The 2013 Locus Awards for Science Fiction and Fantasy have been announced by Locus Magazine, and (at least) two MeFi writers have won in the novel categories. [more inside]
What I wrote was unquestionably fiction — was fantasy. Among Others has magic and fairies. But I was writing fantasy about a science fiction reader who had a lot of the same things happen to her that happened to me. It’s set at the end of 1979 and the beginning of 1980, and it’s about a fifteen year old just when I was fifteen, and from a family like mine and in the time and place and context where I was. I was using a lot of my own experience and memories. But this is Mori, not me, and she lives in a world where magic is real. Jo Walton, who as editor for tor.com revisisted the Hugos 1953-2000, now has one of her own, taking home the 2012 Best Novel Award for Among Others. Other winners include Kij Johnson for her Novella The Man who Bridged the Mist (excerpt) and io9 regular Charlie Jane Anders for her novellete Six Months, Three Days. The Best Graphic Story award went to the webcomic Digger by Ursula Vernon. E Lily Yu took home the Bets New Writer award (technically not a Hugo) and was also nominated for her short story The Cartographer Wasps and the Anarchist Bees. A couple of TV shows you have heard of also got awards. Links to many of the nominated stories here.
The King's Speech is an extremely well-made film with a seductive human interest plot, very prettily calculated to appeal to the smarter filmgoer and the latent Anglophile. But it perpetrates a gross falsification of history. - Christopher Hitchens on the historical revisionism of The King's Speech. The LA times suggests that this, along with the History Channel digging up footage of King George VI not really stuttering all that badly at all, might be the beginning of a backlash against the film, which has been gaining Oscar momentum since it's SAG Award wins. With The Social Network, 127 Hours and The Fighter also having a basis in reality, is today's film making too hung up on the "true" story?
The Island by Peter Watts (previously), winner of this years Hugo Award for Best Novelette. An audio version is available over at StarShipSofa (previously), itself a Hugo recipient.
Due to a rewording of the rules Science Fiction podcast StarShipSofa (previously, previously, previously) could be eligible for a Hugo award. Meanwhile the current episode features The Gambler (text version here), a story by Paolo Bacigalupi - best known as the author of The Windup Girl, one of TIME Magazine's ten books of the year ("Not just science fiction, mind, but fiction, generally") and almost certainly a favorite for the Hugo's best novel category.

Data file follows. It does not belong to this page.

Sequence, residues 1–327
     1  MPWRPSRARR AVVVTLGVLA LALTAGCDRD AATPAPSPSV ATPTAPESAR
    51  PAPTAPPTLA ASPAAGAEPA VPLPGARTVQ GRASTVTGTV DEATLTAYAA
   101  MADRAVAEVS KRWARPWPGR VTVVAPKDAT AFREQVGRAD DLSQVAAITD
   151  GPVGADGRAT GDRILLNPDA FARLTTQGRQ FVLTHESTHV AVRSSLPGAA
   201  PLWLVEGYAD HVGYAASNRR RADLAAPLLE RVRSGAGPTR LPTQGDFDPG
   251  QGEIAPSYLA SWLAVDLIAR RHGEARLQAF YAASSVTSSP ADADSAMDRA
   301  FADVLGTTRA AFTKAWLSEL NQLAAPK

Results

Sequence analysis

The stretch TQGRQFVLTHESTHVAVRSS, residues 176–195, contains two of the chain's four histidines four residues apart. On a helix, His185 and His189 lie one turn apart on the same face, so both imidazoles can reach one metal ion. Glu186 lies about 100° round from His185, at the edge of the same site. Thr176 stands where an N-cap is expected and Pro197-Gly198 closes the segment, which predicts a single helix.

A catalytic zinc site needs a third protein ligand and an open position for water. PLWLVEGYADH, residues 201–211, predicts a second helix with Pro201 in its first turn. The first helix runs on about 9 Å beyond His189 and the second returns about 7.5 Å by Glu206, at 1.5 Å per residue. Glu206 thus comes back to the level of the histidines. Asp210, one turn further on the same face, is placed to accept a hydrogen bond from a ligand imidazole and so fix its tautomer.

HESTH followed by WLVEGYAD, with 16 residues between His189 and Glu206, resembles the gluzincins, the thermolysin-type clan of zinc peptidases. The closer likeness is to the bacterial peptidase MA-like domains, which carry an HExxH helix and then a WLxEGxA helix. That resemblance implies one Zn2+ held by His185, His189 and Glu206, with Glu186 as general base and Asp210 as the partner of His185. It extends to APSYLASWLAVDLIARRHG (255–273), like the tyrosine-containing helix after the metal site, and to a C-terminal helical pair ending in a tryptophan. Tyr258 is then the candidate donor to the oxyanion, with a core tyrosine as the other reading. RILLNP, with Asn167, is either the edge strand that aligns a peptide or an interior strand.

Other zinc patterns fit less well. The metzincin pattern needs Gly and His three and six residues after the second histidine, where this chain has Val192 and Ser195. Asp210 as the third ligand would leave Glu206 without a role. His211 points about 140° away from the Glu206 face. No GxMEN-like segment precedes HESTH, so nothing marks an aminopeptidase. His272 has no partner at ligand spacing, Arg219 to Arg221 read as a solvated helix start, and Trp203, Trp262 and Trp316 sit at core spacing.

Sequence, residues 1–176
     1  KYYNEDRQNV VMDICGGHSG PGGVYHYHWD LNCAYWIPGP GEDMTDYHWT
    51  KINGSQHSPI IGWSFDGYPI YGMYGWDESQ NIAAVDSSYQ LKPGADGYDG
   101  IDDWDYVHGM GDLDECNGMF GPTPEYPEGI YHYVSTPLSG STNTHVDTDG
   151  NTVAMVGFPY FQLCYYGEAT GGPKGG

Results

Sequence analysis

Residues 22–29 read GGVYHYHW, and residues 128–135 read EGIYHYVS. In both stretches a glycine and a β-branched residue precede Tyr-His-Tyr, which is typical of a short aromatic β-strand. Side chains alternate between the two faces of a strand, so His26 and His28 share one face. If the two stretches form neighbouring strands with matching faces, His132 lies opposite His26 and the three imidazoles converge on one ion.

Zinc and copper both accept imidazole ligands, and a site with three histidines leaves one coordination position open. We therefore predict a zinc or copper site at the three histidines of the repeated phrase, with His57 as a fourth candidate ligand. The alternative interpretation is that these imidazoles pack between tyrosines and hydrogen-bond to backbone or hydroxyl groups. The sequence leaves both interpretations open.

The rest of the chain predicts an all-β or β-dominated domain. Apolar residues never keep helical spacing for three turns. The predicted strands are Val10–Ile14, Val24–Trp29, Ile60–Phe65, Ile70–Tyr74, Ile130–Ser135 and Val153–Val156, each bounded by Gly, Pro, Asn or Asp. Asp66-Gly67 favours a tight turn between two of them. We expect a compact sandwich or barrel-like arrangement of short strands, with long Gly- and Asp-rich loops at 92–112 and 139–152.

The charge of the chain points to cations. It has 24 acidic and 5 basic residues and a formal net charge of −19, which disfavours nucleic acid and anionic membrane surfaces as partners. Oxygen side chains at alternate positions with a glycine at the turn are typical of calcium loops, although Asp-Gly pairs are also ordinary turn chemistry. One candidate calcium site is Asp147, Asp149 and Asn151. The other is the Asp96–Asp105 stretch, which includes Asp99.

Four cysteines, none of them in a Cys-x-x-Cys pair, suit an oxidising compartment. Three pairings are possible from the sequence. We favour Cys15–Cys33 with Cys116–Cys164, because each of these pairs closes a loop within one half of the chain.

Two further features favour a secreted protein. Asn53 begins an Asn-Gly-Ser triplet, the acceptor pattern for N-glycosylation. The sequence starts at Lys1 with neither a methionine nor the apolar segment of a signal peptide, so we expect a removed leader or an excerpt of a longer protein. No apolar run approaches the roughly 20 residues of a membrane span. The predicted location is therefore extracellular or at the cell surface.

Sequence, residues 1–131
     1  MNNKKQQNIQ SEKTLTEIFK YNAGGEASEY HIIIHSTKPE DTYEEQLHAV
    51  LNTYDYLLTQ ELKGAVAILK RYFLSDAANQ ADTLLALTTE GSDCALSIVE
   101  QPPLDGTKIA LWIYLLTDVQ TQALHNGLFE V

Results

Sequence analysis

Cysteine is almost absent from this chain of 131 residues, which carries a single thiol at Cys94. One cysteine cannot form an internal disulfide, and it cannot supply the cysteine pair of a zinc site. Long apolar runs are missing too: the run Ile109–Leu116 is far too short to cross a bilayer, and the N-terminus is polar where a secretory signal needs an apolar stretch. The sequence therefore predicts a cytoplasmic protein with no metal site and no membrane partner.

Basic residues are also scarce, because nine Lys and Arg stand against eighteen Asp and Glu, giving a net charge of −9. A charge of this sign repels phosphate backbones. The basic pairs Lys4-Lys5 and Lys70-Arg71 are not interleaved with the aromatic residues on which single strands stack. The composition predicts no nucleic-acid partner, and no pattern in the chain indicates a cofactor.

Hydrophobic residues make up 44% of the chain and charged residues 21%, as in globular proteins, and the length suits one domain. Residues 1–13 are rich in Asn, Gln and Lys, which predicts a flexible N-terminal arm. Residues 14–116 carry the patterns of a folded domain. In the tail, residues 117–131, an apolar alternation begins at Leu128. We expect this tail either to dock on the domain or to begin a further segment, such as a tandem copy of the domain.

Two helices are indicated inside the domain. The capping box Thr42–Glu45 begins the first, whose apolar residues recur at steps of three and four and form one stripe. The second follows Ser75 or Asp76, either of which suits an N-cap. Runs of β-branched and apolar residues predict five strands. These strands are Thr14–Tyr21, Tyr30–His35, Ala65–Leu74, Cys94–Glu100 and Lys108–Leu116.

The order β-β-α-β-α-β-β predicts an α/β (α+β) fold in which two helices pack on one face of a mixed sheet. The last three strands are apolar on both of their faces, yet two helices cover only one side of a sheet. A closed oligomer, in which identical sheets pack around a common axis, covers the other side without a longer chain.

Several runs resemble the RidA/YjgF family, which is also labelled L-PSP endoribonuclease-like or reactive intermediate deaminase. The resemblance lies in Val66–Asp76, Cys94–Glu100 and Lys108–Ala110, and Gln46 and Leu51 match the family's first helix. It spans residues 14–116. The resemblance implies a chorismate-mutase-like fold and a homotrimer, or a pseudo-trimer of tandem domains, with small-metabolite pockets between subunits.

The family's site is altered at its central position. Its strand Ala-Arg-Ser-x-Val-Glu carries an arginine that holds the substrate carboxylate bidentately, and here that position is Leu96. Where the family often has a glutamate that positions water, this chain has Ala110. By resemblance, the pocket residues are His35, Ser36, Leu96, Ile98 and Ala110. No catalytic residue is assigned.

StarshipSofa has podcasted all of the Nebula Best Short Story Nominees for 2008, following on from podcasting all but one of the 2008 BSFA short story nominees. Previous StarshipSofa.
How to raise money for the Shirley Jackson Awards? Why, a Lottery, natch. The Shirley Jackson Awards, established in 2007 to reward "outstanding achievement in the literature of psychological suspense, horror and the dark fantastic" is holding an online lottery beginning today and continuing through February 23 to raise funds for the program. Participants can buy $1 digital lottery tickets for any of 51 donated prizes from authors, editors, artists, and agents. Which prize will draw the most interest? Perhaps an autographed computer keyboard from Neil Gaiman? Or the chance to be Tuckerized in an upcoming work? [Tuckerization explained] Or ... star in a porn role? [more inside]
IPAF (International Prize for Arabic Fiction) is a new prestigious $50,000 literary prize managed the Man Booker Prize in London and sponsored by Abu Dhabi's1 crown prince of the United Arabs Emirates. The inaugural winner was announced on March 10: Baha Taher's Sunset Oasis (shortlist). English translations appear to be unavailable although some are in the works. This is the first international prize for Arabic literature, and it has stirred up some passions. [more inside]
The longlisted passages for the Bad Sex in Fiction award are available from the BBC. Founded by the Literary Review of London in 1993, the award "honors" the worst (published) sex writing (by popular authors). Will it be John Updike? Gabriel Garcia Marquez? Salman Rushdie?
The 2004 Lyttle Lytton winners were announced. The premise is simple: write a terrible opening line (of 25 words or less) of a hypothetical novel. In case you're wondering the winners in 2003 and 2002 were discussed previously. [via kathrynyu]
Franzen wins National Book Award. Another logo to go on the dust jacket next to the O. Pulitzer next?